Jo Reed: Merce Cunningham’s collaborations remained unique because of his commitment to the independence of the music, the set design and the choreography. So, for example, Robert Rauschenberg designesd the sets, John Cage composed the music, Cunningham choreographed the dance, and everybody saw the work of the others for the first time at dress rehearsal. Suzanne Carbonneau.
Suzanne Carbonneau: This is one of the difficulties with Cunningham. We think of an artistic theatrical production as all the elements should be united, combining into a unified whole. The notion that we get from Wagner, all the idea coming together as a unified whole. Cunningham and Cage actually believed, again, that we could experience things simultaneously—that no art form should be subordinated to another, that no artist should, no artist's vision is more important than another artist's vision, and so that in fact these artists were free to do the work that they felt they needed and wanted to do, and that they could just exist in the same space and the same time, and we could take all these-- all this in, and this goes very much to their study of Zen Buddhism which they studied as a way to develop an artistic practice with notions that were separate from these psychological states of art that had really been with us from even-- from way back to the Romantic Period, actually.
Jo Reed: Merce Cunningham
Merce Cunningham: A prevalent feeling among many painters that lets make the space in which anything can happen is a feeling dancers may have too. Imitating the way nature makes a space and puts lots of things in it: heavy and light, little and big, all unrelated yet each affecting all the others.
Jo Reed: In fact as time went on, the relationship between music and Cunningham’s choreography became even freer. Suzanne Carbonneau.
Suzanne Carbonneau: I think audiences may be bewildered, although it's quite interesting, when you see the work together in the theatre, you usually don't know how that work was created. Cunningham chose his collaborators carefully. He chose collaborators that he felt an artistic connection with, and Cunningham continued to experiment throughout his life. I think it's one of the things that sets Cunningham apart from almost every other artist who, if you follow artistic lives, people tend to have an experimental period, and then they find their voice, and when they find their voice, they tend to speak in that same voice, repeat that voice through the rest of their lives. Cunningham never did that. Cunningham continued to push himself, to experiment, right up until the very, very end of his life, and when an audience thinks that they know an artist, and they go to see that artist, and that artist has changed on the audience, that presents difficulties for audiences. It means that the audience has to be willing to go for a ride with the artist over and over again. The audience can't rest on its laurels either.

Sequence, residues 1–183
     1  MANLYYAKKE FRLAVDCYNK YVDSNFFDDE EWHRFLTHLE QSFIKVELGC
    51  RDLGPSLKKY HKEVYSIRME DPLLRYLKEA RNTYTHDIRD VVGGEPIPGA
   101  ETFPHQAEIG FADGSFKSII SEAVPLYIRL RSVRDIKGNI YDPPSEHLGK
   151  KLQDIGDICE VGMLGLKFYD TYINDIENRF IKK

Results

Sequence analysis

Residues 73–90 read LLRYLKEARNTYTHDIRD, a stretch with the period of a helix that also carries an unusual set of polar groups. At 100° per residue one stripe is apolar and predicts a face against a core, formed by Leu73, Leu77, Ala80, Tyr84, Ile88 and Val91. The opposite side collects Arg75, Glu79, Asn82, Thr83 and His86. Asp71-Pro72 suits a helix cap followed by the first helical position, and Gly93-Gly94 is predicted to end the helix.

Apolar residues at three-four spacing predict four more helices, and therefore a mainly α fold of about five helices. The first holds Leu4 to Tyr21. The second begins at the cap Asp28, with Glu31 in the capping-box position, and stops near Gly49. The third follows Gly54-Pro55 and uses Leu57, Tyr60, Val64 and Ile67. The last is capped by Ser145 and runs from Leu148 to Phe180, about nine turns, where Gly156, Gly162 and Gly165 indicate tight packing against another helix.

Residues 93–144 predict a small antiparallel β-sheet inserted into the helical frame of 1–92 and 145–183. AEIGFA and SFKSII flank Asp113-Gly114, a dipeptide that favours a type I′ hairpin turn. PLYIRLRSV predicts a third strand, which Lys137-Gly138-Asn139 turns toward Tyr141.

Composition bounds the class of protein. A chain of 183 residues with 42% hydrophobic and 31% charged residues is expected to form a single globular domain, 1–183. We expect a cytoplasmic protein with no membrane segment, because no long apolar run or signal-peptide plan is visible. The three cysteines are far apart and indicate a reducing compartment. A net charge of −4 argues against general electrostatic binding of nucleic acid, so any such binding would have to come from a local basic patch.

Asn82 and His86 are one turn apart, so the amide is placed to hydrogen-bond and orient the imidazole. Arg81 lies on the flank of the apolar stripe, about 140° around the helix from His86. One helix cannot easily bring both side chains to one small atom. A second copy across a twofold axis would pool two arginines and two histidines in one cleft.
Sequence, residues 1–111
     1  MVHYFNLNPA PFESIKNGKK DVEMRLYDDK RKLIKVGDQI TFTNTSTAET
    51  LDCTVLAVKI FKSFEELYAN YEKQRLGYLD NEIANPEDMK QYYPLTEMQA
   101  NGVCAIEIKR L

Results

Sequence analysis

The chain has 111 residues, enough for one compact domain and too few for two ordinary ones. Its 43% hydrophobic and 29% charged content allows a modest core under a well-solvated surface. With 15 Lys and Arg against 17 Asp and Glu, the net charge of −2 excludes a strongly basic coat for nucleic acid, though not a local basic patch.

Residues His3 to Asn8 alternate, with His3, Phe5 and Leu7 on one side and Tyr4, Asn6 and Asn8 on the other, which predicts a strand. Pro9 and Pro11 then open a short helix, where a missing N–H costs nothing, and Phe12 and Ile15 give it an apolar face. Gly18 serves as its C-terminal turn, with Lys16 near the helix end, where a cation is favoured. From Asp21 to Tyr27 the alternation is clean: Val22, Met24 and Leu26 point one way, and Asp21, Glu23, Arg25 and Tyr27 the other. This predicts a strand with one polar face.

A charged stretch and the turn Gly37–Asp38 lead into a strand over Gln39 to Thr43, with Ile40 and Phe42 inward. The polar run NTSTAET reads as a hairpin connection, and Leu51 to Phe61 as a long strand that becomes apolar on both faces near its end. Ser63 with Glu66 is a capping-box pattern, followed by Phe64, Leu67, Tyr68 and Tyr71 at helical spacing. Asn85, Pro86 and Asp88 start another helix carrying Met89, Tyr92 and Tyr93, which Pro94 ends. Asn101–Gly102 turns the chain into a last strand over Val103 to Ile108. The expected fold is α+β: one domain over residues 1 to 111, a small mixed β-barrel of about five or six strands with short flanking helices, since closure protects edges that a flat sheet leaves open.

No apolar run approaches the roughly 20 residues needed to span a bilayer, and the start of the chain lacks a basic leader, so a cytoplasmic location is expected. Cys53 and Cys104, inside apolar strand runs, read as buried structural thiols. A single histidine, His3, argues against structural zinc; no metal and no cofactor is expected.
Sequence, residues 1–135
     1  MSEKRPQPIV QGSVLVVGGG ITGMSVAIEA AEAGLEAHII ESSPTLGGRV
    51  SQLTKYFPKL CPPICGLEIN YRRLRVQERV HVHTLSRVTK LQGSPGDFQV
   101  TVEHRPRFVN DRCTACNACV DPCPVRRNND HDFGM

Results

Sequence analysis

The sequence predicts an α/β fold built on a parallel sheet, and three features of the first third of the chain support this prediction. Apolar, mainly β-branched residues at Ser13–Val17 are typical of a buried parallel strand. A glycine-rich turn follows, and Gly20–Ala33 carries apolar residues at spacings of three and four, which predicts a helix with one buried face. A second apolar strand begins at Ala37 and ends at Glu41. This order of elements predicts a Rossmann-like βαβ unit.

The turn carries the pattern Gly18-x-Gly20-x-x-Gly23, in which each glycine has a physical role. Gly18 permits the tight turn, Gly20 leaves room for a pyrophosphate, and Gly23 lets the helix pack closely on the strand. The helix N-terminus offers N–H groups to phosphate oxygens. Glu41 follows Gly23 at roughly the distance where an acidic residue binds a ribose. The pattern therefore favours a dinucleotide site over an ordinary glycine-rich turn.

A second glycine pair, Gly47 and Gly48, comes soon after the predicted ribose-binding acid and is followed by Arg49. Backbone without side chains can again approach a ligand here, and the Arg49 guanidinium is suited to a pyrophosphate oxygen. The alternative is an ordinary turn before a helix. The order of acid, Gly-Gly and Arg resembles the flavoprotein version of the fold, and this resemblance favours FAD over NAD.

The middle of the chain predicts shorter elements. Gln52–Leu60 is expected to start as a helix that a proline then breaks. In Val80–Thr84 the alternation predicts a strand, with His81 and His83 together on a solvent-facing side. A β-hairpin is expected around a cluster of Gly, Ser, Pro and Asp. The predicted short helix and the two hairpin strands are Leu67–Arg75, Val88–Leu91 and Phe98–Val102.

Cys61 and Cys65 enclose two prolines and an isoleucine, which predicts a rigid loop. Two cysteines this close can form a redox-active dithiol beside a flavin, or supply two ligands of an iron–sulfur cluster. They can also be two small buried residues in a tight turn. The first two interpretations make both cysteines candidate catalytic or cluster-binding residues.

Jo Reed: Executive Director of the Merce Cunningham Dance Company, Trevor Carlson.
Trevor Carlson: And what’s wonderful, if one gets to a place, and is able to experience Merce's work, and, in that experience, is able to sort of free their mind, free themselves from the need to have narrative or continuity or make relationships or connections, that, in point of fact, those connections exist quite beautifully and magically and there's situations where you have the option to play different types of tracks of music while you're watching some movement, because things will happen organically where there will be an upbeat in the music, and a dancer will suddenly be in the air. And that coincidence is extraordinary. And somehow that much more magical in that situation than it is when you have the upstroke of a bow on a violin, and a dancer's then left flying in the air. and it hasn't been planned or orchestrated.